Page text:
Pumpkin Pie Bars with Pecans

Pumpkin Pecan Crumb Bars

“Don’t play like a girl,” a little girl on the soccer team I coach said to another this weekend. We were mid-game, standing on the sidelines, talking about a play my daughter, Paige, 8, just made as goalie. She’d caught the ball — the first time anyone did this season.

It was our second game, and the girls rotate positions. After we cheered for Paige, I said to the girls near me that catching the ball to stop a play can be scary but they should never be afraid. They can do it.

The little girl’s words hit me like an icy shot to the heart. As a woman, as a mother, as someone raising a daughter to be fierce, images of Brandi Chastain and Michelle Akers immediately came to mind. As a young girl myself, they were among the women soccer players showing people everywhere that women players could be fierce and competitive. Back then, the Women’s World Championship (now the FIFA Women’s World Cup) was just beginning — it was held for the first time in 1991.

I couldn’t get a response out fast enough.

“Absolutely play like a girl. Always play like a girl, because girls are awesome. Girls can do anything. Just don’t be afraid of the ball. No one should be,” I said, or at least said something very close to that.

Playing like a girl means playing like retired professional soccer player Mia Hamm, who played with the United States women’s national soccer team for 17 years and won two women’s World Cups and two Olympic gold medals. She joined the national team at age 15, and was the youngest member of a soccer team to win a World Cup — ever.

It means playing like fiery goalkeeper Hope Solo, a two time Olympic gold medalist who played impressively to help her team win the 2015 FIFA Women’s World Cup. Though she was suspended from the U.S. team for remarks following an August game, she is still considered the all-time greatest women’s goalkeeper.

And it means playing like Abby Wambach, the two-time Olympic gold medalist and FIFA Women’s World Cup champion, who played forward. She scored 184 goals over the course of her soccer career (she’s retired now) — more than any other player (male or female) ever in the history of international soccer. Wambach, whose autobiography “Forward: My Story,” was recently released by HarperCollins Children’s Books, is a six-time winner of the U.S. Soccer Athlete of the Year award.

But where does that sentiment come from? I admit, there was a time when I might have said the same thing. When the idea that somehow ‘playing like a girl’ meant something other than being brave, fierce, unstoppable and fabulous. If there’s one lesson I can impart on my team — this group of girls who are learning to trust each other, work together and play well together — it’s that playing like a girl is the best thing you can do. Being a girl is wonderful.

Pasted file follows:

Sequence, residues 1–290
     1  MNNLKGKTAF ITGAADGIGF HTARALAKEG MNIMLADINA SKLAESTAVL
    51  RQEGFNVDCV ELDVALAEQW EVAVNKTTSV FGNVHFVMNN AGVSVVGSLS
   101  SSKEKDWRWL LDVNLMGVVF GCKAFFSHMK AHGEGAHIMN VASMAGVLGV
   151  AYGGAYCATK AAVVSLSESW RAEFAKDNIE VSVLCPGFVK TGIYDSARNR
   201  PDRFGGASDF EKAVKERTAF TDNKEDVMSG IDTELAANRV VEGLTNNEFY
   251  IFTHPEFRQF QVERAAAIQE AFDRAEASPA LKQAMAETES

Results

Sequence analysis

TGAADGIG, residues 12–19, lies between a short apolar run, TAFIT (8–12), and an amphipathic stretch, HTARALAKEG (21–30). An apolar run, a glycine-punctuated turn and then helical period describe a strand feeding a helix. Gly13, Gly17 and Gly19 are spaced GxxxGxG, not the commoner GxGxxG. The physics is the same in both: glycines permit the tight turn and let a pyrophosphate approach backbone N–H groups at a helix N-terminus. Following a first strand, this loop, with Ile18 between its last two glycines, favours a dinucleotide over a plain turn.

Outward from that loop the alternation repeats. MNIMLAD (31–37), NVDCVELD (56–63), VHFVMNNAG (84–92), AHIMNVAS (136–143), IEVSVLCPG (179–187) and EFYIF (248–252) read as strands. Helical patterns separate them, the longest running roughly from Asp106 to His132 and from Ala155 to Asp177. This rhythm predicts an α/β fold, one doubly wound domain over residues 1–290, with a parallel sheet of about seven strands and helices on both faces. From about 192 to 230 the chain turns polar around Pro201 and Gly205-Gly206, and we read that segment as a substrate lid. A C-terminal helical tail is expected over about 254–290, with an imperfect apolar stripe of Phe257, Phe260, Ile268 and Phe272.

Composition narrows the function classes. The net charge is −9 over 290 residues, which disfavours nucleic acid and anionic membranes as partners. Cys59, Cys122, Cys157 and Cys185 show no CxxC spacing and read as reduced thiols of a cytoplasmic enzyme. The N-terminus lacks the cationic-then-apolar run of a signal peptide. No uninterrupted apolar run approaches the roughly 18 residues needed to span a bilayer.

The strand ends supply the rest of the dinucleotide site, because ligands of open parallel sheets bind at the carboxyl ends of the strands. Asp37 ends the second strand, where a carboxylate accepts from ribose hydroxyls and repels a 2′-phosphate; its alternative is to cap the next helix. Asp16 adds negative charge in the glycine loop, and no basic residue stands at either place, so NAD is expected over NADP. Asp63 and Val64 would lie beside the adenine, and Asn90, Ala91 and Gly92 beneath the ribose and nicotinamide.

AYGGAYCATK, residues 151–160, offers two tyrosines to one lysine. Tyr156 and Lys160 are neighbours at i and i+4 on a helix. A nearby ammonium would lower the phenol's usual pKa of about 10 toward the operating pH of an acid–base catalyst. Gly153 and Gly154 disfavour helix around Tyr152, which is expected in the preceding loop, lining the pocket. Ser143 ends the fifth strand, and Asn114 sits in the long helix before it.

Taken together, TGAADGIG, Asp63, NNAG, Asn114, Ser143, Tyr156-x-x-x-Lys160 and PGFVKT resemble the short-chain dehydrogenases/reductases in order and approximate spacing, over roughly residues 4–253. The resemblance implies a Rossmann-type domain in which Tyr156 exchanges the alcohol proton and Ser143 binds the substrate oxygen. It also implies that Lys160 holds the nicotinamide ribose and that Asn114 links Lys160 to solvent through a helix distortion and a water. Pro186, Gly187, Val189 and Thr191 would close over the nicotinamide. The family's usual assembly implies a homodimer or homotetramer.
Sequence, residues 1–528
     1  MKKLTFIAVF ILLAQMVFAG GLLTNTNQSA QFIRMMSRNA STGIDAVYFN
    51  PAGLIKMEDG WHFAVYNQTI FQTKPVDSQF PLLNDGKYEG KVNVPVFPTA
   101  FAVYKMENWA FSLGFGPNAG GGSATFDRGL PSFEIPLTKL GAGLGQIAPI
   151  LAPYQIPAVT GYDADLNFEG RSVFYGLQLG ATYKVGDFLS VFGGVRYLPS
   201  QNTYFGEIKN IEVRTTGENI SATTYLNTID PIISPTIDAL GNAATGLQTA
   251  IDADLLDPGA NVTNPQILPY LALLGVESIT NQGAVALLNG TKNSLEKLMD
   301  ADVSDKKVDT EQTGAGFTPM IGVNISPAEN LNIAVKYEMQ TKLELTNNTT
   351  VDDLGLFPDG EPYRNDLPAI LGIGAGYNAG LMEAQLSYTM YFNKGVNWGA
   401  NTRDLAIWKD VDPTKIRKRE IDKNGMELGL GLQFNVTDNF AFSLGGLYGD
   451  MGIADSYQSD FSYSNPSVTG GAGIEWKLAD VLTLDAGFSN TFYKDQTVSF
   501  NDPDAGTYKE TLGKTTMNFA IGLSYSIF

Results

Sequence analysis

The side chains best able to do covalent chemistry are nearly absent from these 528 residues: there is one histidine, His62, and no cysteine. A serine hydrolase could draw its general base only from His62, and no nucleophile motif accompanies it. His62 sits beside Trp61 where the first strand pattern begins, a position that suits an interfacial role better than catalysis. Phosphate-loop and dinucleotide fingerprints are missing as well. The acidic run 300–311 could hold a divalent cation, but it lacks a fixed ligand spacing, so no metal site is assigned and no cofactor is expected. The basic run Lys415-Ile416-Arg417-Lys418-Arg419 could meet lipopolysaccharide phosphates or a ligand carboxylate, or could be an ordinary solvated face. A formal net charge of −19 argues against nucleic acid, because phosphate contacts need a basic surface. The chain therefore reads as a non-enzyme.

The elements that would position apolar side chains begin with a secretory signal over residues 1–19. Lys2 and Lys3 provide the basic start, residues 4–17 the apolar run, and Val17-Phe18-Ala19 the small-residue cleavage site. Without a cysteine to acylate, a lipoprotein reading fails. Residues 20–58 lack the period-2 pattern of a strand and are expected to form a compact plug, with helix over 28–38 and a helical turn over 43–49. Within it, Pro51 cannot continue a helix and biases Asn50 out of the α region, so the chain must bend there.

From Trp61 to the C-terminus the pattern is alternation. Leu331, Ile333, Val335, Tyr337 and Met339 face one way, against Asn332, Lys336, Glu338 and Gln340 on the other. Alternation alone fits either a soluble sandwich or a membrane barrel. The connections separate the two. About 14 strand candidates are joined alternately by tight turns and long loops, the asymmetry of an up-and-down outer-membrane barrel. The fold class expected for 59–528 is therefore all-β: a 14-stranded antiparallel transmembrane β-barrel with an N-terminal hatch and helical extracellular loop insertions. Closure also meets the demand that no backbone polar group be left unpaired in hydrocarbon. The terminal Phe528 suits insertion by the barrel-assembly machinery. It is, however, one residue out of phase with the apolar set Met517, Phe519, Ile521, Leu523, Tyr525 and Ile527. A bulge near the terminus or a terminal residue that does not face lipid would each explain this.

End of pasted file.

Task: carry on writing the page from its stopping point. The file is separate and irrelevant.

Girls are fierce. Women are fierce. And I hope all the girls on my soccer team — along with my daughter, sister and all the other important young women in my life — know that they are fierce too.

There’s nothing we can’t do.

There’s no easy transition to this week’s recipe. Well, except maybe saying that being fierce in the kitchen is pretty awesome too. Nonetheless, let’s get to the dessert, shall we?

Layered Pumpkin Pie Bars

For my whole life, pumpkin pie has been my favorite dessert, my favorite pie, my favorite sweet. Something about the spiced squash center just makes my tastebuds dance with glee.

These Pumpkin Pie Bars have all the great flavors of the center of pumpkin pie, but with a sweet, crisp, slightly salty crust and the nutty goodness of pecans. With a mix of flavors and textures, these bars are a wonderful, forkless way to enjoy the classic in a new way.

You start by making a cookie layer that will serve as the crust for the bars. Reserve a little of that mixture for the crumb layer, while you’re at it.

Pumpkin Pie layer mix

Then you whip up the pumpkin layer — it’s really as simple as whisking together a few simple ingredients. Spread that over the cookie layer.

Then you mix up the topping — that reserved cookie mixture is mixed with pecans and spread on top.

Pumpkin Pie Bars Recipe

Then bake. And cool. And cut. And love.

Pumpkin Pie Bars with Pecans
Serves: Serves 8-10
Cookie/crumb layer
  • 1-1/2 cups all-purpose flour
  • ½ teaspoon salt
  • ½ teaspoon baking powder
  • 1 cup brown sugar
  • ½ cup cold unsalted butter, cut into slices
  • ½ cup chopped pecans
Pumpkin layer
  • 1 15-oz can pumpkin purée
  • 2 eggs
  • ½ cup sugar
  • ¼ cup flour
  • 1 tablespoon pumpkin pie spice
  • 1 tsp vanilla extract
  1. Preheat the oven to 350 degrees fahrenheit. Grease a 13 x 9-inch glass baking pan with butter. Set aside.
  2. Sift together the flour, salt, baking powder and brown sugar for the cookie/crumb layers. Add the butter and cut in using two knives or a pastry blender.
  3. Reserve 1 cup of the cookie/crumb mixture and press the remaining cookie mixture into the prepared pan.
  4. Whisk together the pumpkin, egg, sugar, flour and pumpkin pie spice for the pumpkin layer. Spread evenly over the cookie layer.
  5. In a small mixing bowl, combine the reserved 1 cup of the cookie mixture with pecans, and then sprinkle all over on top.
  6. Slide the bars into the oven and bake for 25-30 minutes until golden.
  7. Let the bars cool and then slice into 1.5x1.5-inch bars.


Sarah Walker Caron

About Sarah Walker Caron

Sarah Walker Caron is editor of Bangor Metro magazine and senior features editor for the Bangor Daily News. She is the author of "The Super Easy 5-Ingredient Cookbook," (Sept. 2018, Rockridge Press) and the co-author of "Grains as Mains: Modern Recipes Using Ancient Grains" (March 2015, DK). Her recipes have appeared in the BDN, Betty Crocker publications, Glamour.com and more. She also writes about food at www.sarahscucinabella.com.